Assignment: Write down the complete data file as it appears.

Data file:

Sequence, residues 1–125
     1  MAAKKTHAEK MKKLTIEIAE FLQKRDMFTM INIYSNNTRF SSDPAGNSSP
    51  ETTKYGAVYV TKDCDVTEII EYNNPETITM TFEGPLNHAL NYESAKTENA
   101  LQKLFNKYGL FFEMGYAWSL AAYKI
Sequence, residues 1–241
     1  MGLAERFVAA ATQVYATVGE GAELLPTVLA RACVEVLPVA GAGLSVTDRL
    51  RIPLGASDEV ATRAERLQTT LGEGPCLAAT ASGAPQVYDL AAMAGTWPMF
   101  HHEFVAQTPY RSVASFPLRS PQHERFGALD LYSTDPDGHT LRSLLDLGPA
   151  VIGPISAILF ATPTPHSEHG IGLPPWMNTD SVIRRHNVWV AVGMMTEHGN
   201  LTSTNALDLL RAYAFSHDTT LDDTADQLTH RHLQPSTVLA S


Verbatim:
Sequence, residues 1–125
     1  MAAKKTHAEK MKKLTIEIAE FLQKRDMFTM INIYSNNTRF SSDPAGNSSP
    51  ETTKYGAVYV TKDCDVTEII EYNNPETITM TFEGPLNHAL NYESAKTENA
   101  LQKLFNKYGL FFEMGYAWSL AAYKI
Sequence, residues 1–241
     1  MGLAERFVAA ATQVYATVGE GAELLPTVLA RACVEVLPVA GAGLSVTDRL
    51  RIPLGASDEV ATRAERLQTT LGEGPCLAAT ASGAPQVYDL AAMAGTWPMF
   101  HHEFVAQTPY RSVASFPLRS PQHERFGALD LYSTDPDGHT LRSLLDLGPA
   151  VIGPISAILF ATPTPHSEHG IGLPPWMNTD SVIRRHNVWV AVGMMTEHGN
   201  LTSTNALDLL RAYAFSHDTT LDDTADQLTH RHLQPSTVLA S